10 Great Books About Food

In Defense of Food

Are you looking for something good to read? I have to admit that I have a iPad full of books I can’t quite get around to, but I keep trying. This is a great time of year to get some reading in–spring planting hasn’t quite started and the hectic holidays are in the rear view mirror. Here are some food-related book ideas for you. Note, these are NOT cookbooks, although some have recipes. Cookbooks will come in another post!

Closing the Food Gap: Resetting the Table in the Land of Plenty by Mark Winne

This is on my reading list, but I am all about the two questions he asks: What about those people who are not financially able to make conscientious choices about where and how to get food? And in a time of rising rates of both diabetes and obesity, what can we do to make healthier foods available for everyone?

Food Matters: A Guide to Conscious Eating by Mark Bittman

Mark Bittman is hands down my favorite food writer. His Opinion pieces for the New York Times are well-researched, thoughtful and compelling. I love this book because it not only addresses the environmental, social and bio-ethical issues with our current food system, he provides 77 recipes to illustrate how eating with a conscience can also be delicious.

In Defense of Food: An Eater’s Manifesto by Michael Pollan

Really love Michael Pollan as an author. This well-written book examines why, as we become more concerned about nutrition, we also become less healthy. His formula is to “eat real food, not too much, and mostly plants.” That’s the synopsis, but I recommend reading the whole thing 🙂 Also, see his book “The Omnivore’s Dilemma”.

Fast Food Nation: The Dark Side of the All-American Meal by Eric Schlosser

This is really one of the books that started folks thinking about food differently. This expose of the American fast food system examines how this industry has changed food production systems in America for the worst.

Food, Inc.: Mendel to Monsanto by Peter Pringle

This book examines the extraordinary changes in food production as it relates to seeds, how they are engineered, and who has control. I like this publication because it is not Monsanto-bashing, but a more balanced look at the positives and negatives of GMO food production.

Forks Over Knives: The Plant-Based Way to Health edited by Gene Stone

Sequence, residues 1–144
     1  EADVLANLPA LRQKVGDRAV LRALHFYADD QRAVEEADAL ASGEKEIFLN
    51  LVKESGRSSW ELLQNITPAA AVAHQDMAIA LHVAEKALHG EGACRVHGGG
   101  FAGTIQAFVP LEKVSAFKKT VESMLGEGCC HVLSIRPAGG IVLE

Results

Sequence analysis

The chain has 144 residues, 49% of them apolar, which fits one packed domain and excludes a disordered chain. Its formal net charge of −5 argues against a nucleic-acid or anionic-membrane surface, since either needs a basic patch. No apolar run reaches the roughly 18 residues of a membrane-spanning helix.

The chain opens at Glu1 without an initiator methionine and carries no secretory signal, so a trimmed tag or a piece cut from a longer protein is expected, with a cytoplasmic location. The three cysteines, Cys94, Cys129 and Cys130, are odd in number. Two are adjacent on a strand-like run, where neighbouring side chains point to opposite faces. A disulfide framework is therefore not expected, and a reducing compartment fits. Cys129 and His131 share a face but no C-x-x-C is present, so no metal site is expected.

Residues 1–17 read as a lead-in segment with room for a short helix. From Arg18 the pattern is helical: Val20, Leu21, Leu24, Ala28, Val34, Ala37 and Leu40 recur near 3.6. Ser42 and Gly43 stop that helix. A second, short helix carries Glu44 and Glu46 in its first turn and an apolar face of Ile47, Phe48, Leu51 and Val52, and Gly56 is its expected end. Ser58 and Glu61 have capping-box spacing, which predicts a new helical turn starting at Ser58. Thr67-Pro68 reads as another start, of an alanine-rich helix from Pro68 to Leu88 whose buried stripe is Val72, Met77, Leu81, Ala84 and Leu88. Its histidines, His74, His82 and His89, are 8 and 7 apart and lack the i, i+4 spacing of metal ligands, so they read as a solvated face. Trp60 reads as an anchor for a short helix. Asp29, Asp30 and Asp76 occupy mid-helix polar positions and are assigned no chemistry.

Those of you who follow my blog know that I am not a vegetarian, although I do love vegetables. This is on my list to read!

Food Justice (Food, Health and the Environment) by Robert Gottleib

What is food justice? “A food justice framework ensures that the benefits and risks of how food is grown and processed, transported, distributed, and consumed are shared equitably. Gottlieb and Joshi recount the history of food injustices and describe current efforts to change the system, including community gardens and farmer training in Holyoke, Massachusetts, youth empowerment through the Rethinkers in New Orleans, farm-to-school programs across the country, and the Los Angeles school system’s elimination of sugary soft drinks from its cafeterias.” Word.

Food Fight: The Citizen’s Guide to the Next Food and Farm Bill by Daniel Imhoff

This is a brand-new edition of this book, which deconstructs issues related to national agricultural policy and the federal Farm Bill. I don’t know about you, but I really need this information to understand what the heck is going on.

The Un-Healthy Truth by Robyn O’Brian

There is nothing like an enraged mom to make a change. Following her daughter’s nearly fatal reaction to eggs, Robyn O’Brian started researching our food industry and how foods are prepared and labelled. She discovered that toxins, including those known to cause disease, are permitted in foods.

The Urban Food Revolution: Changing the Way We Feed Cities by Peter Ladner

This is a wonderful, inspiration book focusing on strategies for bringing fresh food and food production into the cities and addressing issues of food access.

What are your favorite food reads?

Books behind the bed

Fixing Our Food Problem

Mark Bittman

Mark Bittman (Photo credit: rebuildingdemocracy)

Mark Bittman has a terrific editorial out in the New York Times regarding a resolution for 2013 to begin fixing our food problem. The article is well-written, short and a bit inspiring. I thought I would share it with you as I find him to be one of our Sole-ful People!

You can find the entire article HERE (if the links are working–if not, I’m posting the full link below).

The more we learn about our food system, the more important it is for all of us to expect something better.


An association between tobacco and cancer was discovered more 200 years ago. The surgeon general’s report that identified smoking as a public health issue appeared in 1964. The food movement has not yet reached its 1964; there’s isn’t even a general acknowledgment of a problem in need of fixing.

Clearly, we have a long way to go, but every journey begins with a single step and the perseverance to keep moving forward!

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